Lafayette maintains outstanding facilities for instructional laboratories in physics.

Hugel Science Center

Teaching Facilities

The introductory laboratory rooms contain twenty-eight microcomputers interfaced to the Vernier LoggerPro data acquisition system. Students get hands-on experience with experiments in all the major areas of introductory physics, including mechanics, thermodynamics, oscillations and waves, electricity and magnetism, and optics.

The intermediate and advanced classes have dedicated general-purpose laboratory space. There is also an optics lab equipped with optical tables and research-grade optical components. All laboratories have extensive computing support, and LabView programming is used to interface computers to experimental apparatus.

Advanced Physics Laboratory

In the Advanced Physics Laboratory, students have access to:

  • a HORIBA Jobin Yvon SPEX 1250M 1.25-meter research-grade spectrometer for high resolution optical spectroscopy
  • a high-vacuum system with a residual gas analyzer for mass spectroscopy
  • a NaI scintillation detector with a Canberra DSA-1000 Multichannel analyzer for nuclear spectroscopy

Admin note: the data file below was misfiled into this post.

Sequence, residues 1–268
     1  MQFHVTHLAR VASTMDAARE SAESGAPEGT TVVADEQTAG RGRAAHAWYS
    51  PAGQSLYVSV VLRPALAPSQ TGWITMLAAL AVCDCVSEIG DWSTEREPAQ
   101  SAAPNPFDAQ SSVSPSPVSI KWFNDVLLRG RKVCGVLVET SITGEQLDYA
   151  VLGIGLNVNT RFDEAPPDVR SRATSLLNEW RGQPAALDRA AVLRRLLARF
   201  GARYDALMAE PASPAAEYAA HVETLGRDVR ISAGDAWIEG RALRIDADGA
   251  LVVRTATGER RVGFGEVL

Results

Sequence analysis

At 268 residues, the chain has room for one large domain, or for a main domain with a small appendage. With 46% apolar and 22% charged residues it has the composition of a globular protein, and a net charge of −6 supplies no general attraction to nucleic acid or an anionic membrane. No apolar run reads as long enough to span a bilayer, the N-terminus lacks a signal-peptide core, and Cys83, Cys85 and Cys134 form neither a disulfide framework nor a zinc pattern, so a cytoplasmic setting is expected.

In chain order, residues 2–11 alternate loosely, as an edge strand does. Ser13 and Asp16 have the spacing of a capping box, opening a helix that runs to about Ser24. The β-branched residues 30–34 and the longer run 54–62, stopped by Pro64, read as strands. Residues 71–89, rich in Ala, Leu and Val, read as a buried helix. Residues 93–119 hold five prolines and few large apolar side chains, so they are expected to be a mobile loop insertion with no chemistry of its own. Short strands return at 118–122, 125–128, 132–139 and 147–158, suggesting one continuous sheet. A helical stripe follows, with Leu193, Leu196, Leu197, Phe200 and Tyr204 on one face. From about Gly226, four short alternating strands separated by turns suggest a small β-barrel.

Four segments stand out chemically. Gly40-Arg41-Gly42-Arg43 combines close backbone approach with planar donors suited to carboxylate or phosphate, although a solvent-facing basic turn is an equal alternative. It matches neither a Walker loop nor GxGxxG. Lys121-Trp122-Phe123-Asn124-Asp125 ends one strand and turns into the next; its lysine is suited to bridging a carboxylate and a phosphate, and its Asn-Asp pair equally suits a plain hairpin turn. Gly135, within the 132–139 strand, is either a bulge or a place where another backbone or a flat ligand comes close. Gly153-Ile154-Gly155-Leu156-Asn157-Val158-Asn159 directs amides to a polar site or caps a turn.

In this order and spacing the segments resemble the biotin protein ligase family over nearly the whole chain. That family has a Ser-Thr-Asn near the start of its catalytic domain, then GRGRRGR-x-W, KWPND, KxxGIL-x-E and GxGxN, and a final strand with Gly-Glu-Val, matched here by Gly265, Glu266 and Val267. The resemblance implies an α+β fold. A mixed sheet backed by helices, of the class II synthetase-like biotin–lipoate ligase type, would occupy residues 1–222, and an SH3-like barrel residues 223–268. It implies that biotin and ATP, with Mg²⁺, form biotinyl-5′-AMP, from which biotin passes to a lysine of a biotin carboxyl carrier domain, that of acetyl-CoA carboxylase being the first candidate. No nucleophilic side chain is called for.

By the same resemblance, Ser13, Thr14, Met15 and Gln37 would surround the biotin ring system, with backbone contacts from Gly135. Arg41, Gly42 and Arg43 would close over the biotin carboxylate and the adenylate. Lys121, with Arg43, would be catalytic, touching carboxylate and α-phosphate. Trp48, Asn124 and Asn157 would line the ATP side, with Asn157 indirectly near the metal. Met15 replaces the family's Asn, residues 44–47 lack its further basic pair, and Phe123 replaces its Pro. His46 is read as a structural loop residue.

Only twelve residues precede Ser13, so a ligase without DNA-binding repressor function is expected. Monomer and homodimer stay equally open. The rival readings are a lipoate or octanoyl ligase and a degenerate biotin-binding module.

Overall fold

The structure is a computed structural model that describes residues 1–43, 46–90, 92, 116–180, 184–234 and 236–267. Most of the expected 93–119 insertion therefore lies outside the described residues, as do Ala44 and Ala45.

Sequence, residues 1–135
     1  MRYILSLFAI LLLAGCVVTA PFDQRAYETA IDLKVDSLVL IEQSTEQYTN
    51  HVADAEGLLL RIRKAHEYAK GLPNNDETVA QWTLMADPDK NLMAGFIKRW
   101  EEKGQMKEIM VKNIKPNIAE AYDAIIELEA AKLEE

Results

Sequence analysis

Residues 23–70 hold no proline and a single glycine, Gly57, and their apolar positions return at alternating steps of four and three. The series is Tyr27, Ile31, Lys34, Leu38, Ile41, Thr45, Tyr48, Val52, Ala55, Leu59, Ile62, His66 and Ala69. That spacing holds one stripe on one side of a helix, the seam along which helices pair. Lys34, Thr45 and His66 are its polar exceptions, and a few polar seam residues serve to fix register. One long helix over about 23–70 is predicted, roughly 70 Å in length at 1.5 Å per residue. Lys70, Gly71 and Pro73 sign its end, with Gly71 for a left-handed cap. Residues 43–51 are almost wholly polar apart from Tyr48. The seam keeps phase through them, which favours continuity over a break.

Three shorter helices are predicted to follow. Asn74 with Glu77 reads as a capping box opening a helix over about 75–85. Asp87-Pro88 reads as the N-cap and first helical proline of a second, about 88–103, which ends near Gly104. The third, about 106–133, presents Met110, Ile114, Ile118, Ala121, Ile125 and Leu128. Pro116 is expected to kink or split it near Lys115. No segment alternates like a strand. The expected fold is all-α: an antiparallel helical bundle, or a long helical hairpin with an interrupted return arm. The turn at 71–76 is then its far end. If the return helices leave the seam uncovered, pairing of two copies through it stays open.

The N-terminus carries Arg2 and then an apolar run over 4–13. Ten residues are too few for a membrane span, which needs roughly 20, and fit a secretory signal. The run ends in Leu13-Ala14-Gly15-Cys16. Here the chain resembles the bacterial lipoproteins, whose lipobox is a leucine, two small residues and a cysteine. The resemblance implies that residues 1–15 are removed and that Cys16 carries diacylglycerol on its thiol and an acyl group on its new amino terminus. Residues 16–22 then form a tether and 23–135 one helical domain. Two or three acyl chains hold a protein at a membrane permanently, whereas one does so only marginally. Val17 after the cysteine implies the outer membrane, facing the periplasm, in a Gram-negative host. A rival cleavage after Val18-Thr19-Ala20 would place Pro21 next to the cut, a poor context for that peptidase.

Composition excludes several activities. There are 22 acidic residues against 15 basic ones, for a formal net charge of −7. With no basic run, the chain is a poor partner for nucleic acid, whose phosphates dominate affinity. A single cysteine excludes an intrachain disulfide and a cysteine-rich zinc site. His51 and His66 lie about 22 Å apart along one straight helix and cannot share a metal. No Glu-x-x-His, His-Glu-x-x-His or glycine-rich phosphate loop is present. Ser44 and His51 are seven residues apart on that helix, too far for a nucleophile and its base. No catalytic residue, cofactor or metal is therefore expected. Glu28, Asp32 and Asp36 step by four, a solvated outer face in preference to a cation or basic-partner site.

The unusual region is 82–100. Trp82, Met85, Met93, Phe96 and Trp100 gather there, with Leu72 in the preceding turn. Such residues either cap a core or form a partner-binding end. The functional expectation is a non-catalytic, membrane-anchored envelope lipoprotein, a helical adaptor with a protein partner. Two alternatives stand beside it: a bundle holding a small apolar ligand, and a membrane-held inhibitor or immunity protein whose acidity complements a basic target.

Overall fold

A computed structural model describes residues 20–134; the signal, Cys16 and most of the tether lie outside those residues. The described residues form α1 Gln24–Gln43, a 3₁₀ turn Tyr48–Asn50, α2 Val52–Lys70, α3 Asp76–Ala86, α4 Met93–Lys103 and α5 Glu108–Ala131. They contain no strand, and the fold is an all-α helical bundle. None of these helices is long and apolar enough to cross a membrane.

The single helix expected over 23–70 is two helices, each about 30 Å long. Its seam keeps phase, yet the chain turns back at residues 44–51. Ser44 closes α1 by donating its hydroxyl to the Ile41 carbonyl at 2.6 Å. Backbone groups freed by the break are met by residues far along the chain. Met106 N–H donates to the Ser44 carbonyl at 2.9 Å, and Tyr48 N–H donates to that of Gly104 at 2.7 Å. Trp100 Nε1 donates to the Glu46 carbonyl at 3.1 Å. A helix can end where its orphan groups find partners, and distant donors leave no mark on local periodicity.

• a 185 mW 405 nm laser and β-barium borate (BBO) crystal for single-photon quantum optics experiments
  • two external-cavity diode lasers offering tunable narrow-band light for state-of-the-art experiments in nonlinear spectroscopy

Astronomy Facilities

Astronomy facilities described under Astronomy Observations are available to students as part of the Physics 304: Observational Astronomy class and for their own observations.

Computing Facilities

The department has excellent computing facilities which are available to physics students at all times for class work and research projects. The Computational Physics Laboratory houses a cluster of Linux computers and several Windows computers.

Research Facilities

Student participation in research is an important part of the physics program at Lafayette. There are a variety of opportunities, during the academic year as well as during the summer and Interim session, to become involved in a significant way in a research project.

  • Andy Dougherty operates a high pressure laboratory, in which phase transitions of liquids and plastic solids can be measured at pressures up to four thousand atmospheres.
  • Andy Dougherty also has a digital image processing system to control and study instabilities and pattern formation in crystal growth.
  • Zoe Boekelheide operates a laboratory to characterize magnetic nanoparticles.
  • Annemarie Exarhos is outfitting a confocal fluorescence microscope to study defects in semiconductors
  • Chris Hawley is setting up a laboratory to synthesize and characterize nanoscale materials

The Physics Department, in cooperation with the Chemistry Department operates a Nuclear Magnetic Resonance spectrometer for biophysics (and other) research. All faculty members have microcomputers or workstations in their offices, and a local area network connects the offices and most laboratories to one another and to the Academic Computer Center.